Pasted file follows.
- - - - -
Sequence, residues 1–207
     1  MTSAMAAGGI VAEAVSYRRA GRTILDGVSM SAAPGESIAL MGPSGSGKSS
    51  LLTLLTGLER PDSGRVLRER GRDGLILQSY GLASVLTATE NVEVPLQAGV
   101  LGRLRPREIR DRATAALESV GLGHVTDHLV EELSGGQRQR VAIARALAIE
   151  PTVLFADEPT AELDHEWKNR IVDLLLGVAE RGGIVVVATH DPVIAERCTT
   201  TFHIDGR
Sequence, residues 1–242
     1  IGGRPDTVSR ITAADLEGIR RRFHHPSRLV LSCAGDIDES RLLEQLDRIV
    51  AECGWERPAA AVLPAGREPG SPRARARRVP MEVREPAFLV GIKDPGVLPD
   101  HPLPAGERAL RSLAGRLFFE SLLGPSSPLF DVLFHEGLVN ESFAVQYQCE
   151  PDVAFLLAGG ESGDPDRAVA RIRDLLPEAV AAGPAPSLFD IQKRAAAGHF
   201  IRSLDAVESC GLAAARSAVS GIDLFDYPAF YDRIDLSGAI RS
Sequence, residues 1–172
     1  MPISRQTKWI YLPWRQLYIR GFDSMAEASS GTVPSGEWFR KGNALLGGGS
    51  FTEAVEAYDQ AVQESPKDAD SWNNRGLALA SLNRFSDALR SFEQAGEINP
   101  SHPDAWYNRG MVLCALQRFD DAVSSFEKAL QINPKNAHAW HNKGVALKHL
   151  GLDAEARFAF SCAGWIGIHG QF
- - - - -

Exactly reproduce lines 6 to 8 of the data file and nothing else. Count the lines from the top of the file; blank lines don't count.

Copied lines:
   201  TFHIDGR
Sequence, residues 1–242
     1  IGGRPDTVSR ITAADLEGIR RRFHHPSRLV LSCAGDIDES RLLEQLDRIV